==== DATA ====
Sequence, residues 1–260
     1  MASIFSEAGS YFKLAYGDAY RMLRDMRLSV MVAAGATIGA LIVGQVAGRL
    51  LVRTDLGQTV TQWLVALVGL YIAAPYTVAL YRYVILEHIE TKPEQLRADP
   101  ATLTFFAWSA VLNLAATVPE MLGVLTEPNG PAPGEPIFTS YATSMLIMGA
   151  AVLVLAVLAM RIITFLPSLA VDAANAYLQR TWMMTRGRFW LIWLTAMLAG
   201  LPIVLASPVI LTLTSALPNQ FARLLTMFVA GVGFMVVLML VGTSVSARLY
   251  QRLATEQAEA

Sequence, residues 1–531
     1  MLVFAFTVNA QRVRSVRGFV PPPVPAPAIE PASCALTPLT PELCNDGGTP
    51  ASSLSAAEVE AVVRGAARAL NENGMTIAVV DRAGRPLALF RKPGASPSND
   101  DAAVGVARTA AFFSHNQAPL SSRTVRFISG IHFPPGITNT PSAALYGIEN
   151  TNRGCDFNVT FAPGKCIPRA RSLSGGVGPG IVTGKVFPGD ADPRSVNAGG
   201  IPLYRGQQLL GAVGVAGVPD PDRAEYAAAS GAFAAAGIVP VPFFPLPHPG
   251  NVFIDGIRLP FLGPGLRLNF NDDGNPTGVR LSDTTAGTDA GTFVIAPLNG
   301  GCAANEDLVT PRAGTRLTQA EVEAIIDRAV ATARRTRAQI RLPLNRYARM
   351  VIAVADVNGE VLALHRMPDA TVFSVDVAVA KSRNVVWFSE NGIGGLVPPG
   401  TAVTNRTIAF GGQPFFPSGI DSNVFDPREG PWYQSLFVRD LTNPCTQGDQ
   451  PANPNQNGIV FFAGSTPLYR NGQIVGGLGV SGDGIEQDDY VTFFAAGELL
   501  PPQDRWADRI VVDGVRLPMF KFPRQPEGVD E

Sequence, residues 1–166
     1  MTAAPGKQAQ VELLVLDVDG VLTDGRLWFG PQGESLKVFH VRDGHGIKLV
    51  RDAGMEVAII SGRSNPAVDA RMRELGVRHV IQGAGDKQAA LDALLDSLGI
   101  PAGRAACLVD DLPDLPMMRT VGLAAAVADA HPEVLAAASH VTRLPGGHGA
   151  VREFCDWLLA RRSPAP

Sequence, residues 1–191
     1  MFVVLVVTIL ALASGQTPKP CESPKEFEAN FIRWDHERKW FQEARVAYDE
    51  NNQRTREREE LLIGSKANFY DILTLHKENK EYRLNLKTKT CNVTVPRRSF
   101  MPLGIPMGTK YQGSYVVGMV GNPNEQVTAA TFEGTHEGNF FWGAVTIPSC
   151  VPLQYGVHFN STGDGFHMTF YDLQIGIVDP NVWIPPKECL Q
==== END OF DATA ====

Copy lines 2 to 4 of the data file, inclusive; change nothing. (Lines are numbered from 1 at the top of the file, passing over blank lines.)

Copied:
     1  MASIFSEAGS YFKLAYGDAY RMLRDMRLSV MVAAGATIGA LIVGQVAGRL
    51  LVRTDLGQTV TQWLVALVGL YIAAPYTVAL YRYVILEHIE TKPEQLRADP
   101  ATLTFFAWSA VLNLAATVPE MLGVLTEPNG PAPGEPIFTS YATSMLIMGA